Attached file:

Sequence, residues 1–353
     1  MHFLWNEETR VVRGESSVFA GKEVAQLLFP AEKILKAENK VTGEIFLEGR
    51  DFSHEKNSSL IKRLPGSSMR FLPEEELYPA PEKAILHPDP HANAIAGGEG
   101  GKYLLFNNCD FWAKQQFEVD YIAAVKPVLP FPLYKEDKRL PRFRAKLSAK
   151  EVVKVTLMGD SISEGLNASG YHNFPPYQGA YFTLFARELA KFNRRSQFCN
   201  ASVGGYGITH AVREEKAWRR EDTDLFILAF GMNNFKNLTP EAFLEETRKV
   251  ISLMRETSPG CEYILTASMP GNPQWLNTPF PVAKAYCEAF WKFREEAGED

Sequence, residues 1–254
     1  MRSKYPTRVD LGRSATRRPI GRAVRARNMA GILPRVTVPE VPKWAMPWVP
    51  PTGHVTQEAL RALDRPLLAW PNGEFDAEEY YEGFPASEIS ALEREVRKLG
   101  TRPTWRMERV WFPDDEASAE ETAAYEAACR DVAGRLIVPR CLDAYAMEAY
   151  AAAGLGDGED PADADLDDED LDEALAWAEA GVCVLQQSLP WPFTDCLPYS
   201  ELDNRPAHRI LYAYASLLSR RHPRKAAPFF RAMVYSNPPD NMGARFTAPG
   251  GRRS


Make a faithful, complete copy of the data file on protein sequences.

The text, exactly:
Sequence, residues 1–353
     1  MHFLWNEETR VVRGESSVFA GKEVAQLLFP AEKILKAENK VTGEIFLEGR
    51  DFSHEKNSSL IKRLPGSSMR FLPEEELYPA PEKAILHPDP HANAIAGGEG
   101  GKYLLFNNCD FWAKQQFEVD YIAAVKPVLP FPLYKEDKRL PRFRAKLSAK
   151  EVVKVTLMGD SISEGLNASG YHNFPPYQGA YFTLFARELA KFNRRSQFCN
   201  ASVGGYGITH AVREEKAWRR EDTDLFILAF GMNNFKNLTP EAFLEETRKV
   251  ISLMRETSPG CEYILTASMP GNPQWLNTPF PVAKAYCEAF WKFREEAGED

Sequence, residues 1–254
     1  MRSKYPTRVD LGRSATRRPI GRAVRARNMA GILPRVTVPE VPKWAMPWVP
    51  PTGHVTQEAL RALDRPLLAW PNGEFDAEEY YEGFPASEIS ALEREVRKLG
   101  TRPTWRMERV WFPDDEASAE ETAAYEAACR DVAGRLIVPR CLDAYAMEAY
   151  AAAGLGDGED PADADLDDED LDEALAWAEA GVCVLQQSLP WPFTDCLPYS
   201  ELDNRPAHRI LYAYASLLSR RHPRKAAPFF RAMVYSNPPD NMGARFTAPG
   251  GRRS